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We first come to truly hate Umbridge when we discover that her idea of a punishment for students sentenced to detention is a quill that carves the message on the back of the student's hand. This punishment is obviously quite unusual due to the fact that it causes permanent physical harm (if I recall correctly, it's mentioned in later books that Harry still has scars from the punishment).

Now, obviously when Umbridge became headmaster, it's a bad idea to refuse the detention punishment because she presumably has power to expel you. But prior to that, I find no evidence that she'd be able to expel a student for refusing to do what's arguably a cruel and unusual punishment (and if she could, it begs the question of just how much she could force a student to do before the student is allowed to refuse).

So how come all the students begrudgingly put up with the punishment? How come nobody simply put their foot down and said "I'm not doing that" to her? Surely there's a limit to how much she can magically force people to do (and it seems like most students accepted the punishment).

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    Students don't seem to complain much about the detentions they're given. And Hermione DOES tell Harry to go to McGonagall about the sadistic detentions, but he refuses. – Rand al'Thor Feb 16 '16 at 23:50
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    The alternative would appear to be getting Crucio’ed into next week and having a couple of Dementors attack you and your family… I’d probably take Evil Quill, too. – Janus Bahs Jacquet Feb 17 '16 at 1:03
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Actually, apart from Harry, no one else seemed to be getting detention from Umbridge (at least until she became Headmistress). As mentioned by @rand al'thor, Harry refused to complain about her even though he was urged to do so by Ron, seen in Harry Potter and the Order of the Phoenix, Chapter 13: Detention with Dolores

“Yeah, so do — Harry, what’s that on the back of your hand?” Harry, who had just scratched his nose with his free right hand, tried to hide it, but had as much success as Ron with his Cleansweep.

“It’s just a cut — it’s nothing — it’s —” But Ron had grabbed Harry’s fore arm and pulled the back of Harry’s hand up level with his eyes. There was a pause, during which he stared at the words carved into the skin, then he released Harry, looking sick.

“I thought you said she was giving you lines?”

Harry hesitated, but after all, Ron had been honest with him, so he told Ron the truth about the hours he had been spending in Umbridge’s office.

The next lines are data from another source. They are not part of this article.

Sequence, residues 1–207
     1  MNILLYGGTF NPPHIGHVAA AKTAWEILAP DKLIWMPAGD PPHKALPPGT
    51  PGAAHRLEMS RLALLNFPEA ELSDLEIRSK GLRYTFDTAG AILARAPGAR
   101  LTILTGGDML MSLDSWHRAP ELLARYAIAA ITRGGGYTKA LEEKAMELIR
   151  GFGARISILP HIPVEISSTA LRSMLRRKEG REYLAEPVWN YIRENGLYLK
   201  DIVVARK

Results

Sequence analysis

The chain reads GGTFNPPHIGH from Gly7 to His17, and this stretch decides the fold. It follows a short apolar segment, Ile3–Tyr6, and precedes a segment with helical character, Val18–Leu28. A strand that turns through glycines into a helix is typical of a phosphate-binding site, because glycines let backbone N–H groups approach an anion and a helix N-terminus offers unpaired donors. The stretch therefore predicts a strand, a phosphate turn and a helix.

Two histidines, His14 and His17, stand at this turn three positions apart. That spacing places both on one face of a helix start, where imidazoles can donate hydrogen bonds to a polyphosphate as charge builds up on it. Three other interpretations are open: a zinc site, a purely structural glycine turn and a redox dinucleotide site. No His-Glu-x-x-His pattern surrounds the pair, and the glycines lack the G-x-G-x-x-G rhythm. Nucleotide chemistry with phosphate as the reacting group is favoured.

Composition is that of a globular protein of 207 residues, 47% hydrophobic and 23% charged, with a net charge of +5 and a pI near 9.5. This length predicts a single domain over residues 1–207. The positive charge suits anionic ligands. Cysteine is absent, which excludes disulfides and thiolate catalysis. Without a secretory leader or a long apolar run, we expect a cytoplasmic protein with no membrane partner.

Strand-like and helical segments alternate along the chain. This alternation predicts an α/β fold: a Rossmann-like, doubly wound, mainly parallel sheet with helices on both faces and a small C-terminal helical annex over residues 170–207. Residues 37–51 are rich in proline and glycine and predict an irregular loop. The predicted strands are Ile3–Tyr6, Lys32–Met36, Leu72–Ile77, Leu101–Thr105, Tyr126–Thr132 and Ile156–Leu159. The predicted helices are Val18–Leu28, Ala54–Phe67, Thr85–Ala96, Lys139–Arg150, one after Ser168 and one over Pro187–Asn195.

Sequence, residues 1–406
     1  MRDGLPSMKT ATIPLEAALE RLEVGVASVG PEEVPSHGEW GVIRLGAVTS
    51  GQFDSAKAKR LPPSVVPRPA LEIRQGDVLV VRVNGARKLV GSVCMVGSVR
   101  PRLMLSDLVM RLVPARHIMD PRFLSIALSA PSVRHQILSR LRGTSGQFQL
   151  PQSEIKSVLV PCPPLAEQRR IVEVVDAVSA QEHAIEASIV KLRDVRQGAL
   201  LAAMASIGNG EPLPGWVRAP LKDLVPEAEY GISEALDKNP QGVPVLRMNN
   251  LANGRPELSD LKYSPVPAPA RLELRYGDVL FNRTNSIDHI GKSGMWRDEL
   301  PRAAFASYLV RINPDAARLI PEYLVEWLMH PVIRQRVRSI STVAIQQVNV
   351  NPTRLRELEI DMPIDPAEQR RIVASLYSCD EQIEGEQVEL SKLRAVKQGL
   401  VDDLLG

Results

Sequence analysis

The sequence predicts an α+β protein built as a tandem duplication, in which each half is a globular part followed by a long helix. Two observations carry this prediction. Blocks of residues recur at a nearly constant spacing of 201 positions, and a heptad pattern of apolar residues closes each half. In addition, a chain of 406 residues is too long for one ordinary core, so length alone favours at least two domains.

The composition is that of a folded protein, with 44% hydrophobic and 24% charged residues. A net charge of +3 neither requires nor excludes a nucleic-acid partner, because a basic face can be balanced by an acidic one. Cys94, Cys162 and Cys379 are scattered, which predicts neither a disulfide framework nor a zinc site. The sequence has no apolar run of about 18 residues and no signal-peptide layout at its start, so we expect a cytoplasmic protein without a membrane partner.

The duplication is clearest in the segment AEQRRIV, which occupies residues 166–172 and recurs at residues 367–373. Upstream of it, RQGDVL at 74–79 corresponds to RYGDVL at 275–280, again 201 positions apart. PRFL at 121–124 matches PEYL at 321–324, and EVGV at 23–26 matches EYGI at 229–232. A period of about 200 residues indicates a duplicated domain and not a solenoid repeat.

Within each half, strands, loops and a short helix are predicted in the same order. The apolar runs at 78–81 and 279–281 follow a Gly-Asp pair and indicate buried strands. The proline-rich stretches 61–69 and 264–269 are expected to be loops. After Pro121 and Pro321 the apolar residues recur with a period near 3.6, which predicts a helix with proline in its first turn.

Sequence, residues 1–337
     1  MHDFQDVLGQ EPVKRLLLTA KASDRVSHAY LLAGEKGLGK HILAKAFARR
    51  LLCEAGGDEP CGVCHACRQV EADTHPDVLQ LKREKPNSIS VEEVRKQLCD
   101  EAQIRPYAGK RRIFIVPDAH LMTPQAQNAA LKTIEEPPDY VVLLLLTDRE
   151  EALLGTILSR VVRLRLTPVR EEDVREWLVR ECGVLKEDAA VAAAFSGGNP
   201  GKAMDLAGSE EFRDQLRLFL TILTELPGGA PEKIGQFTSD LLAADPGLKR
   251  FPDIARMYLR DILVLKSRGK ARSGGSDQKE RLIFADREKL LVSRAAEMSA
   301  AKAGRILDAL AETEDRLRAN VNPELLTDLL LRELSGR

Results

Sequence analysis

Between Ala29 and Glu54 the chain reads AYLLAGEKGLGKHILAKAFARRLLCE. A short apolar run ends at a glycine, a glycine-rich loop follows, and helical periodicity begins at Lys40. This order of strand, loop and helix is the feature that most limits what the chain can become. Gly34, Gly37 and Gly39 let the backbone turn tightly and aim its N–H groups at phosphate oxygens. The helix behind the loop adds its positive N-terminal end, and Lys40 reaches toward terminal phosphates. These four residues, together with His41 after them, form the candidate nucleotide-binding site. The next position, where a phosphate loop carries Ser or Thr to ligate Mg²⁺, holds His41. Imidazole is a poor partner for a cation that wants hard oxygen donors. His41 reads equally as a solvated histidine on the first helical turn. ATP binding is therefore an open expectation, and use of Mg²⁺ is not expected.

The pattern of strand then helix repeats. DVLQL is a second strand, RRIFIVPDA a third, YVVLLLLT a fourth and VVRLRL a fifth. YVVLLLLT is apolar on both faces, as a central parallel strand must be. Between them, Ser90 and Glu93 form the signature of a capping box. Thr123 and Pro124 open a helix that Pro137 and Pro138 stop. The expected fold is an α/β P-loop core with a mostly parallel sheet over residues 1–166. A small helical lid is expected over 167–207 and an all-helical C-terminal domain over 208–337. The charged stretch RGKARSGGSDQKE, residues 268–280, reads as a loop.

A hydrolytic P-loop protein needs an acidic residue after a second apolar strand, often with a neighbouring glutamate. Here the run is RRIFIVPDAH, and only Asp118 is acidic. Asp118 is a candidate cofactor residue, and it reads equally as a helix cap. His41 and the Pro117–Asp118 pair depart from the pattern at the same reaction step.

“The old hag!” Ron said in a revolted whisper as they came to a halt in front of the Fat Lady, who was dozing peacefully with her head against her frame. “She’s sick! Go to McGonagall, say something!”

“No,” said Harry at once. “I’m not giving her the satisfaction of knowing she’s got to me.”

“Got to you? You can’t let her get away with this!”

“I don’t know how much power McGonagall’s got over her,” said Harry.

“Dumbledore, then, tell Dumbledore!”

“No,” said Harry flatly.

“Why not?”

“He’s got enough on his mind,” said Harry, but that was not the true reason. He was not going to go to Dumbledore for help when Dumbledore had not spoken to him once since last June.

These are the reasons Harry didn't mention it to anyone. The only time the book mentions anyone else getting this sort of similar detention is Lee Jordan, and by then Umbridge (though not Headmistress yet), could only be superceded by Dumbledore and even upon his intervention might have just brought in another Educational Decree that stated she was in complete control of all detentions.

To be fair, once Dumbledore was gone and she became Headmistress, the students were much more rebellious and she seemed to have less control than ever.

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In addition to what ʀ _ ɪʟ226 said, my experience tells me that even in unjust situations people can be very hesitant to do something against the person causing it because of fear.

In my sixth degree at school I had a teacher who used to be quite authoritarian against us, and we also had far too much homework. Even if I tried to convince my classmates to do something against that situation, they were too afraid to be "punished" if we all together spoke up! That the situation was punishment itself didn't mater.

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